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It’s a well-documented and yet still baffling migration that happens each year. Thousands upon thousands of monarch butterflies begin their journey that can cover thousands of miles, gathering in both central Mexico and the California coastline to make their winter homes. Yet these migrators are also facing a drastic decline in numbers, and Utah State University students are helping to look for answers in the Uintah Basin region.
“Monarch butterflies are facing a large historical decline over the last 40 years,” said USU senior Carson Liesik. “Their population, as of the beginning of 2020, was estimated at about 30,000 monarchs in the Western United States, which is about a 99 percent drop in their abundance as compared to data from the 1980s. We are hoping to learn how to help the monarch butterfly population recover from its historic decline. This project is a crucial step towards this goal.”
In collaboration from several agencies, including the Utah Department of Wildlife Resources, the U.S. Forest Service, the Bureau of Land Management, Dinosaur National Monument and the Ouray National Wildlife Refuge, students helped capture and tag monarch butterflies in the Uintah Basin region. The researchers recorded the gender, wing condition, when and where the butterfly was caught and what it was doing. The goal is to find out where these butterflies go and the path they use to get there.
“We tagged each butterfly with a unique number so that if it is recaptured at a later date, we can map its migration path as well as habitat use and activity,” Liesik said. “We are trying to get an idea of where these monarch butterflies are and how they are utilizing the resources available to them.”
Using the data collected, scientists and wildlife professionals will be able to better map where these butterflies go and therefore help protect their food sources and breeding grounds.
“These butterflies are important pollinators and play a meaningful role in the ecosystem,” said Hollee Wood, a USU student who just graduated with her bachelor’s degree in Wildlife Ecology and Management. “This research effort will help us better understand what conservation efforts can best help this struggling species.”
Scientists are not the only ones that can get involved. The public also can play a part in maintaining the butterfly population and perhaps even helping their numbers grow again.
“There are ways the general public can help contribute to the monarch’s recovery,” Liesik said. “They can plant native milkweed at their houses or have a pollinator plot in their yard, especially with flowers that bloom in the late summer or fall. They can also reduce or eliminate the use of harmful pesticides when possible. It is crucial to know that you don’t have to be part of a wildlife agency to help contribute to this project. Everyone can help.”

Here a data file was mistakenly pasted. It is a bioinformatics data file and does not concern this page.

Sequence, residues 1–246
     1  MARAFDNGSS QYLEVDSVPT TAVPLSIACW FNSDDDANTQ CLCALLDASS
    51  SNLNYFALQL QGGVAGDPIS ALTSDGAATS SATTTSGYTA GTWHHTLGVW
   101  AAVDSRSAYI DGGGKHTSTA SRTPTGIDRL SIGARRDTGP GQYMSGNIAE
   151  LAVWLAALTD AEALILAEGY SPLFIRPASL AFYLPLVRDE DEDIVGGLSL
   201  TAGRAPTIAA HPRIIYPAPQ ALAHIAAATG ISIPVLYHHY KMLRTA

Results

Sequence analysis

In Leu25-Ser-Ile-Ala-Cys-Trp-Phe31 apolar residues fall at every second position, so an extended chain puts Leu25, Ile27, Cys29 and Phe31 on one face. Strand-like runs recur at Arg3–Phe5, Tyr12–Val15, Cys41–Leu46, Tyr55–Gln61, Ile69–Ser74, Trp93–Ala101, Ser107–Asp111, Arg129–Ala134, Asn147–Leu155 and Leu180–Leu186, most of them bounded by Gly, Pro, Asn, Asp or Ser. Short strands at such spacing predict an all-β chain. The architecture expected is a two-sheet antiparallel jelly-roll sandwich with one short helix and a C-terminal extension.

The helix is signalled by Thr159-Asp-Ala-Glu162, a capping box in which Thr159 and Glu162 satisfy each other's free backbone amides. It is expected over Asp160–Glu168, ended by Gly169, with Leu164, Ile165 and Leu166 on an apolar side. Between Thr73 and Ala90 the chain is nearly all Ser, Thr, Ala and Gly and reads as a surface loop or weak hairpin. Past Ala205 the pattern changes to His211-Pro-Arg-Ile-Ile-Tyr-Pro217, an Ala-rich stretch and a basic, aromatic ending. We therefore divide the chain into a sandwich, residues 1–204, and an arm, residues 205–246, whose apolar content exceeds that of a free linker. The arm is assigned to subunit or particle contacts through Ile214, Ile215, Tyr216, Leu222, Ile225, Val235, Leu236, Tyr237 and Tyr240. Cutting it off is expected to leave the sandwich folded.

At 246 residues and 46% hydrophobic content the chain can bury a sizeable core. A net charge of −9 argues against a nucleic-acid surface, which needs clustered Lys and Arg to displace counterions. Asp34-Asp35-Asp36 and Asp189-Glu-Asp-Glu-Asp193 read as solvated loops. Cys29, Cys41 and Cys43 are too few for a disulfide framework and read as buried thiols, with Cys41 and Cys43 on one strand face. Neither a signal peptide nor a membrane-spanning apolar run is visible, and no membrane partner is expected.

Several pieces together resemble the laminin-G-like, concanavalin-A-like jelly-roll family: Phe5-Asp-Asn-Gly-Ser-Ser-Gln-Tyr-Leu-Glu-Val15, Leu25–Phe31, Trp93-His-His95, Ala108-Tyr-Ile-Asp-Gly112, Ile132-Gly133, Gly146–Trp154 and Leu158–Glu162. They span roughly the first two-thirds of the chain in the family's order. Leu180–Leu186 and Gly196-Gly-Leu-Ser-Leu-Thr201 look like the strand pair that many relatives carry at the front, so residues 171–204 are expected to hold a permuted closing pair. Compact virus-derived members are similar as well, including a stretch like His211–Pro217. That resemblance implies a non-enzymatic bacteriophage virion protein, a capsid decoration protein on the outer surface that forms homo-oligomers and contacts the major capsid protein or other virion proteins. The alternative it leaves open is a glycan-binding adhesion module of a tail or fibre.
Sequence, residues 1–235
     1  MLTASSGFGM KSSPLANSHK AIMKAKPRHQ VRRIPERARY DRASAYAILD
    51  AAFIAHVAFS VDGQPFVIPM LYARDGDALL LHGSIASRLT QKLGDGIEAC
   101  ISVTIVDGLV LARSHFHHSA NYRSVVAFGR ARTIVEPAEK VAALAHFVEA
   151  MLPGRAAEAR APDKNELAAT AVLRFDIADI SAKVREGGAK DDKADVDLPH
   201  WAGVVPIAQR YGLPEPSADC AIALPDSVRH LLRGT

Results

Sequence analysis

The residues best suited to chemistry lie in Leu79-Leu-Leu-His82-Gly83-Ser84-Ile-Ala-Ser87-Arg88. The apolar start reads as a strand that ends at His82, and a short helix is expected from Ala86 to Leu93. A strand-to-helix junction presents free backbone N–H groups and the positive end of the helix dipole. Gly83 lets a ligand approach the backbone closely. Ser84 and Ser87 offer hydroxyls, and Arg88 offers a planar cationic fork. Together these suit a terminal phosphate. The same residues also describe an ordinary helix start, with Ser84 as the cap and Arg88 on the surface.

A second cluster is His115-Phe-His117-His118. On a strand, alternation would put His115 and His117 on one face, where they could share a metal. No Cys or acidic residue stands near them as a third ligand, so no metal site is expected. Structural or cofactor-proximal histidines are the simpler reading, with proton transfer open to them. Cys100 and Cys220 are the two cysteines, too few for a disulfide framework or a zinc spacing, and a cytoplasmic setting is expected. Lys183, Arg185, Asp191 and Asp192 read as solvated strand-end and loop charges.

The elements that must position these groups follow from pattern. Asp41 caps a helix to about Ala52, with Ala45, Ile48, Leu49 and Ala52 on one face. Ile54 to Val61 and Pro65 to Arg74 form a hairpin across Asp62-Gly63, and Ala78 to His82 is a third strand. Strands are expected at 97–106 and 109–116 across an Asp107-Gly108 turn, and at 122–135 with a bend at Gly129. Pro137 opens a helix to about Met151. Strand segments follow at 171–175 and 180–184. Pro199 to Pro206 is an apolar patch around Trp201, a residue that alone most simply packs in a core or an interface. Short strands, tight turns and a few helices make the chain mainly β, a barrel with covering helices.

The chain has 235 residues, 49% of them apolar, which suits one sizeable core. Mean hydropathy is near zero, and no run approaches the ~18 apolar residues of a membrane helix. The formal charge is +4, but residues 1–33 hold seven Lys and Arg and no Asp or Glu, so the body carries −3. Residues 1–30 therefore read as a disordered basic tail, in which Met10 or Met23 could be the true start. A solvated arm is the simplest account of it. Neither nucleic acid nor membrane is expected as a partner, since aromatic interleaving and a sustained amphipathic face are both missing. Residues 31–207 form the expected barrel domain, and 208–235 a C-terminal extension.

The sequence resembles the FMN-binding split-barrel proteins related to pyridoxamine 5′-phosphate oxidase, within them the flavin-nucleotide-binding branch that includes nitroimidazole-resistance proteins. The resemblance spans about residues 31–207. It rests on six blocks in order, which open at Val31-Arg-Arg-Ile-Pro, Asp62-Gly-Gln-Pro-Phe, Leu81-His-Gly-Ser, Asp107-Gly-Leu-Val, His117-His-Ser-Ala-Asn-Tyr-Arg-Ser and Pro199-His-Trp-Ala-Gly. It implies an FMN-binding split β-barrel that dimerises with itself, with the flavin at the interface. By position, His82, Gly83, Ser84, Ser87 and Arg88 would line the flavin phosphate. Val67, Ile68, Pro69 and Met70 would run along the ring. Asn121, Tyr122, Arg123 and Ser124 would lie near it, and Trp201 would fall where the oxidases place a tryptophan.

Liesik, a Uintah Basin native, is entering his final year at the USU campus in Logan. He has previously also worked with USU Uintah Basin’s raptor research crew before being asked to help with the monarch project. Liesik is grateful for all the opportunities USU has offered him in his field to get hands-on experience.
“USU does an amazing job providing opportunities for students like me,” Liesik said. “The university provides us with great opportunies to build relationships with agencies that we may be looking for future employment with. With their help, I’m able to continue my degree as well as practice the skills that are applicable toward my career. I feel they really go the extra mile. They don’t just help you get a degree and get your diploma. They actually help you build a career.”
Wood also enjoyed the hands-on experience this project allowed her to achieve. She said working with all the different agencies allowed her to not only network, but to learn from a variety of different people.
“USU has provided me with lots of ways to get hands-on experience in my field,” she said. “This is just one example of how USU, and particularly the College of Natural Resources, provides its students with the real-life experiences they need for their careers.”
The butterflies were tagged with a special tag on their wing with a unique tracking number. If recaptured in the future, researchers can know where the butterfly came from and glean its migration route. Photo credit: Carson Liesik.
Utah State University students join several organizations in capturing and tagging monarch butterflies. The tagging will help researchers know what paths the butterflies migrate so they can better protect essential breeding and feeding grounds. USU student researchers Carson Liesik (top, third from the right) and Hollee Wood (bottom, second from the right) were both part of the team that tagged the butterflies in the Uintah Basin region.
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